where is a 1-D function with Fourier transform , and “ ” denotes the convolution of two 1-D functions through the formula

It is worth mentioning that Radon transform can be generalised to higher dimensional Euclidean spaces and even Riemannian manifold. The properties of the transform are extensively studied in the mathematical field of integral geometry [5].

The math challenges of CT reconstruction

With the inversion formula (1), it seems easy to perform CT reconstruction. However, direct application of the formula usually yields poor quality images, in contrast to our expectations. The reason is that there are always noise in the measurement. What makes things worse is that the noise may be amplified by the inverse transform which is the convolution with the function . This is a typical feature of inverse problems; they are ill-posed. To be more precise, according to French mathematician Jacques HADAMARD's proposal, a problem is well-posed if the following three criteria are satisfied:

  1. The problem must have a solution.
  2. The solution must be unique.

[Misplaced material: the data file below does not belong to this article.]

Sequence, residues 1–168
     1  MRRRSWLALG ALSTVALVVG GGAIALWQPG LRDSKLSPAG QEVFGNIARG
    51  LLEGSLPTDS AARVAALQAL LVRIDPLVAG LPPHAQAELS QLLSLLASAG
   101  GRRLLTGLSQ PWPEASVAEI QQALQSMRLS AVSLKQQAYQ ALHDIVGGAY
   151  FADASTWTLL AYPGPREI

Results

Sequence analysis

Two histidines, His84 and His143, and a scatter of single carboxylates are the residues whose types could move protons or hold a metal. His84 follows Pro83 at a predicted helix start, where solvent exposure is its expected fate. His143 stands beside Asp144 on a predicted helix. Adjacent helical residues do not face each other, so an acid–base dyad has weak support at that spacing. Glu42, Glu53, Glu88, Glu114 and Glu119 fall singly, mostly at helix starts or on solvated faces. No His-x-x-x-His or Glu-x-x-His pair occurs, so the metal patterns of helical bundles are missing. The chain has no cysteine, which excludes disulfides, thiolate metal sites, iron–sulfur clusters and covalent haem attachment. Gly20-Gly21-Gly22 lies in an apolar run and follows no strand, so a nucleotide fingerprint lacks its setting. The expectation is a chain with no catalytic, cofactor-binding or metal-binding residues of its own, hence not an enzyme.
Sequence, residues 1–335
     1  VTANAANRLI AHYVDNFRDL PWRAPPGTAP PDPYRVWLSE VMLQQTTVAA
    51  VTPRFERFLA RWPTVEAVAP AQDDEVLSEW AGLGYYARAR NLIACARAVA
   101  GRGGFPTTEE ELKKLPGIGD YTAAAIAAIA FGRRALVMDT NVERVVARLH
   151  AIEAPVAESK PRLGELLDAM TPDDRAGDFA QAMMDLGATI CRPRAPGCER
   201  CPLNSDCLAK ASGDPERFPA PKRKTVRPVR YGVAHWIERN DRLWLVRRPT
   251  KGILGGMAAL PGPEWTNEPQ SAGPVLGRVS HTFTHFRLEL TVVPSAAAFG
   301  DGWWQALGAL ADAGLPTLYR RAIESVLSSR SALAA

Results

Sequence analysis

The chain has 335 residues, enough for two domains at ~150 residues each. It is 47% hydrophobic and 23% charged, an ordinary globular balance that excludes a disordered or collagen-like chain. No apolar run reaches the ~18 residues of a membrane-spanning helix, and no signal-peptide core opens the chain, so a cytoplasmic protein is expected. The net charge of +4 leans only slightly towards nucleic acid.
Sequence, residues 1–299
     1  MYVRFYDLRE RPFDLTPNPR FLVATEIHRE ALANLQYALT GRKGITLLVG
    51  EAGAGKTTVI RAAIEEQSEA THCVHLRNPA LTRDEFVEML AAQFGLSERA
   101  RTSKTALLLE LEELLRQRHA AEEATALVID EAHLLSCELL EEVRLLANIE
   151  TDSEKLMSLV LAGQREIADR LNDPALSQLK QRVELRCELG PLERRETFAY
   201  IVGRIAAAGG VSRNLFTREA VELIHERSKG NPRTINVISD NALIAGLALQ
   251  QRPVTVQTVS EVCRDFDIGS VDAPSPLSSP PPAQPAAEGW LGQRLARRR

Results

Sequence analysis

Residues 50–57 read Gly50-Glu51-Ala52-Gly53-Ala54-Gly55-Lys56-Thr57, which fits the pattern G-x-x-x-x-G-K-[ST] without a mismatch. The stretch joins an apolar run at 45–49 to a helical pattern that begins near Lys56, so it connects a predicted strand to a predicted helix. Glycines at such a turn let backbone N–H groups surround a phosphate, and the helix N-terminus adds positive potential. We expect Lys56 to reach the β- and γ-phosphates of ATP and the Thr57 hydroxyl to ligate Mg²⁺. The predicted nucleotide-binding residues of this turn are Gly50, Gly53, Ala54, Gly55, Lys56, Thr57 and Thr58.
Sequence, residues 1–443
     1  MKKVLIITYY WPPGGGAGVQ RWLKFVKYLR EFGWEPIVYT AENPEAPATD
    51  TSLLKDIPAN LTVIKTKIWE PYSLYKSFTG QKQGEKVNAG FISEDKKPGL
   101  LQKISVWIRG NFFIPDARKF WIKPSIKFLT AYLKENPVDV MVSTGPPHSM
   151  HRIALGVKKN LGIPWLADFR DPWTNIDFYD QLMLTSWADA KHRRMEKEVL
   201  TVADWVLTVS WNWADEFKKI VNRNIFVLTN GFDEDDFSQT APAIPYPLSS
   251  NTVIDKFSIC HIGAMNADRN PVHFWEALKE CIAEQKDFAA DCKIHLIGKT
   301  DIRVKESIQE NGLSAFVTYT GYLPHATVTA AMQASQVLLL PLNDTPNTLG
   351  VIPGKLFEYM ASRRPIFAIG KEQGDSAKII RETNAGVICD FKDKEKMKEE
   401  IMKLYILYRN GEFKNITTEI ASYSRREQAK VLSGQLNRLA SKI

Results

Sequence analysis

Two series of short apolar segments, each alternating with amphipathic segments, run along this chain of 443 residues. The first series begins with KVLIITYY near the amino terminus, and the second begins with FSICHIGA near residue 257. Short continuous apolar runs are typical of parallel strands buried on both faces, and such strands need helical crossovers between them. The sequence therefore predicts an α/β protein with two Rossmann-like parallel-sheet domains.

3. The solution must be stable under small changes to the data.

On the other hand, a problem is called ill-posed if it violates one or more of the above criteria. At first, mathematicians thought problems that violated these criteria made no practical or physical sense, and that there was no need to attempt to find solutions to these problems. It has subsequently been shown, however, that mathematically ill-posed inverse problems are ubiquitous throughout science and engineering. Luckily, the ill-posed problems can be addressed by the powerful method of “regularisation" which seems to be a universal strategy. One of the most important examples is the Tikhonov regularisation which was first introduced by Russian mathematician and geophysicist Andrey Nikolayevich TIKHONOV. Regularisation is an extensively studied research field in inverse problems [3].

Back to our CT reconstruction problem, it falls into the ill-posed class by failing to satisfy the third criterion. A clever solution is provided by Ramachandranv and Lakshminarayan who replaced the convolution function with a new one referred to as the Ram-Lak filter. What the filter does is to mimic the behaviour of the function for its low frequency part while suppress its high frequency component. In this way, the part of the inverse transform which is not stable or sensitive to noise is regularised and the revised reconstruction formula can yield better images. Reconstruction methods of such type are called filtered back-projection. They are used in all commercial CT scanners in the past 40 years [6].